Steve McLay, Founder of MirrorMirror
Who are you?
I’m Steve McLay, Founder & CEO of MirrorMirror B.V. Once upon a time I was a music and style journalist before I crossed the abyss into the realms of Marketing and Brand management. Originally from Nottingham in England, I now call Amsterdam home. Throughout my career I’ve worked predominantly in fashion and specialised in digital and social media.
Can you tell us the story of your business from idea to where you are now?
I was watching my partner and her friends compare potential outfits to wear for a night out and noticed that while it was helpful to call on your friends for opinions, there was no definitive answer. I’d also seen that people (particularly bloggers) were keen to share their looks on social media but were too often open to being trolled or spammed and that it was difficult to get a definitive answer. Also, in the case of Instagram, people had to use a 3rd party app to post images side-by-side. It struck me that there was a real opportunity to create a community where people could easily compare two pictures in a safe environment and get definitive results as to which their friends / followers preferred. It didn’t need to be difficult, it simply had to be ‘this’ or ‘that’.
At the time of my eureka moment I was working at another app start-up and had recently become a father so it was hard to pinch time to develop the idea at first other than at weekends and at night. Thankfully after a while I let my former boss know that I was developing an idea of my own and he was keen to support me by allowing me time to work on it one day a week. This really freed up time and things soon began to take a very real shape.
Once I’d really mapped everything out, I sniffed out suitable developers and chose Amsterdam development company Moqod (who have been a real delight to work with). I left my job and start readying everything else out for launch.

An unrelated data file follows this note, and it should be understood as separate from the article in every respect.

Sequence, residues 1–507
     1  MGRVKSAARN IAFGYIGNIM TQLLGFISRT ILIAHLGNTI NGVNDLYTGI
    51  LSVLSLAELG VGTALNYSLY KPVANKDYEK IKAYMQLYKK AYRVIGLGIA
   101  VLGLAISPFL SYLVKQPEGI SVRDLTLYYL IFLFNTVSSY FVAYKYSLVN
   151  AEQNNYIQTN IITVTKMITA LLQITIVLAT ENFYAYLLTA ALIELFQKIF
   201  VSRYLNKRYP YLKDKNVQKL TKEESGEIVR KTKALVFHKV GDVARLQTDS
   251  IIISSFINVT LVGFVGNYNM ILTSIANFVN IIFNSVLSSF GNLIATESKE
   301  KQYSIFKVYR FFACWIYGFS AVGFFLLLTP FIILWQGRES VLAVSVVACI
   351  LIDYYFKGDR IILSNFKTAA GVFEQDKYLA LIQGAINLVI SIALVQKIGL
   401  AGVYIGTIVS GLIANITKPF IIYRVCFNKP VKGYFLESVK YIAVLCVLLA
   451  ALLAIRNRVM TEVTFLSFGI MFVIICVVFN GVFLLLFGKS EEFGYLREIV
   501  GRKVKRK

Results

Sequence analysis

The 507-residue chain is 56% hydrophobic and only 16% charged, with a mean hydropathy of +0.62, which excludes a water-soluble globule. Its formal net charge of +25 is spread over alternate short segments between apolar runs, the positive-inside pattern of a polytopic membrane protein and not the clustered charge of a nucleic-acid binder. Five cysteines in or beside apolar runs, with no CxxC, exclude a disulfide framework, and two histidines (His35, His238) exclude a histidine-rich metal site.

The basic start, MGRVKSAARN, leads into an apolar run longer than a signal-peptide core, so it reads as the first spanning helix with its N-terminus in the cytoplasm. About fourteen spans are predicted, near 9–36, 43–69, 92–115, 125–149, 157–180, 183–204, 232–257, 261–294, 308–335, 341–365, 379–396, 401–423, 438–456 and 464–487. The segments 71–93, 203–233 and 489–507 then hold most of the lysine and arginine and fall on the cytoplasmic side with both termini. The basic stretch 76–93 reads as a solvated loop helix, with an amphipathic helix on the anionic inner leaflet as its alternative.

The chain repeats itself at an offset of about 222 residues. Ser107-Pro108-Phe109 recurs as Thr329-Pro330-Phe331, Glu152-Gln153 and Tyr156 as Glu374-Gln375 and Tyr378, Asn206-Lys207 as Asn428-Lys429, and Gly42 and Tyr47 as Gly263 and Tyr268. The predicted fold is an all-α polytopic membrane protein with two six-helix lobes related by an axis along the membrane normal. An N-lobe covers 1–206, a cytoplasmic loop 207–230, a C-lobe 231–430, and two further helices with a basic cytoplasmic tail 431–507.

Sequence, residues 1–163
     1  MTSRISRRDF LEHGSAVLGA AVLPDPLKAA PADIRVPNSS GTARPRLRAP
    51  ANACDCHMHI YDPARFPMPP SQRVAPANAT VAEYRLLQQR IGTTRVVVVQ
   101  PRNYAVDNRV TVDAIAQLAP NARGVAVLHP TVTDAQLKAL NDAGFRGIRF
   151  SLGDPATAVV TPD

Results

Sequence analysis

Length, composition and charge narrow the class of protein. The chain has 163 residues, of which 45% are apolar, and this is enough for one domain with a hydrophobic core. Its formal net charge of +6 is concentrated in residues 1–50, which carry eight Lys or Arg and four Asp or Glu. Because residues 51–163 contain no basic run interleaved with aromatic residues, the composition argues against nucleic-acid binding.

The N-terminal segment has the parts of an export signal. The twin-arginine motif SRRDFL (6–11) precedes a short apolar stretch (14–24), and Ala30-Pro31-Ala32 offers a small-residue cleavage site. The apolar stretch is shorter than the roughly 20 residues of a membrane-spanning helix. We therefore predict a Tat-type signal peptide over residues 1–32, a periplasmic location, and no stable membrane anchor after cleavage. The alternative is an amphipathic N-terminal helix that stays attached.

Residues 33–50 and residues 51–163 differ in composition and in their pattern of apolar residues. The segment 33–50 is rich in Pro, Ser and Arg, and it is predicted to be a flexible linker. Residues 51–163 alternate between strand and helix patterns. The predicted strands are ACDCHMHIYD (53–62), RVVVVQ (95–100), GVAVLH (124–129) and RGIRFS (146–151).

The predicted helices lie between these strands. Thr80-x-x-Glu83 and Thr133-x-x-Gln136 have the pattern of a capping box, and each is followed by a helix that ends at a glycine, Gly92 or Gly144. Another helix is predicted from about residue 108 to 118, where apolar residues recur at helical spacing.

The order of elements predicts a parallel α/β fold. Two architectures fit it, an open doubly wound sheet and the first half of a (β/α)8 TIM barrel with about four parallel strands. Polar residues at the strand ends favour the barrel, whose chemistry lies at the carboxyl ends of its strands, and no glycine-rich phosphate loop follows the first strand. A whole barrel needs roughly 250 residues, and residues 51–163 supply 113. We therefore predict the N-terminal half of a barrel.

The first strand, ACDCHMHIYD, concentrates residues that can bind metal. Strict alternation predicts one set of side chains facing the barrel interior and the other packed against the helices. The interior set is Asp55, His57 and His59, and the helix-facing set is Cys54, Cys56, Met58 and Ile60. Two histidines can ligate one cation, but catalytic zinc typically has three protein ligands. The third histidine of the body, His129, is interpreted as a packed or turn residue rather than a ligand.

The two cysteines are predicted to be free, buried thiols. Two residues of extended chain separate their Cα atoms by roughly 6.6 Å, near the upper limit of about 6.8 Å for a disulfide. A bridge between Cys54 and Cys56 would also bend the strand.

What has been your biggest failure or struggle?
As we’re in our soft launch period at the moment, I guess the biggest struggle is having such lofty ambitions and being frustrated at not having enough resources to realise them at the moment. As failures or struggles go I think there’s a lot worse, and I also think that this is probably a fairly common problem. We have been set up so we’re suitably lean, but can scale suitably when we get a dream strategic investor on-board [If you’re out there, drop me a line] in accordance to what they invest. I’ve read too many ridiculous Startup follies that seem to focus on boom or bust and invariably go bust because they’ve thought too little about the revenue model or have just thrown money at looking like a big company before they actually are one.
Actually, it was a bit of a struggle setting up the company. In the Netherlands no matter how careful you are of ticking all the boxes and doing everything in the right order, there’s always a bit of a red tape flapping behind you that you have to go back to fix. Thankfully, everything is sorted now, but it did take up valuable time sorting some things out that we thought we’d done to the letter of the law.
Oh and while MirrorMirror is a great brand name, it was initially a bit of a pain to find in the app stores due to all the cheap ‘mirror’ apps. As time, downloads and ASO progress that will become less and less of a problem.
And what has been your biggest achievement or success?
We have been getting some choice bits of press and have seen some really cool bloggers from all over the world joining already though, so I think that’s what makes me most proud at this stage, as it shows that we’ve created something that people love. At the moment not that many people know about MirrorMirror but if the love for it that our current users have is an indication, then when we start to give it a bigger push we’ll be on the cusp of great things.
I genuinely think that our biggest achievements and success are just around the corner. In all honesty at this stage I think going from a concept to a downloadable app in the space of a few short months is quote an achievement in itself. Thankfully I know some incredibly talented and supportive people who have lent their talents and expertise in different ways. Particular kudos has to go to my friend Hannah Swift who was responsible for not only designing the app itself but also our kick arse logo.
What’s your must read business book?
The Lean Startup by Eric Ries – a parting gift from my previous company.
Who’s your most inspirational CEO or founder?
I don’t really have anyone I aspire to specifically in that sense. That’s not to say I don’t have admiration for CEOs and Founders, I do now more so than ever! I’d be more inclined to say that someone like Malcolm McLaren was more inspirational to me. He was more than capable of (almost deliberately) making plenty of mistakes but at the end of the day left a legacy that bridged punk and hip hop; two of the biggest musical and cultural zeitgeists ever.
And can you tell us something weird or interesting about yourself?
Well, I certainly had my fair share of adventures and have a lot of (badly told) stories but I don’t want to sound like I’m showing off, so I’ll go for something a little more boring instead. . .
I can’t skip.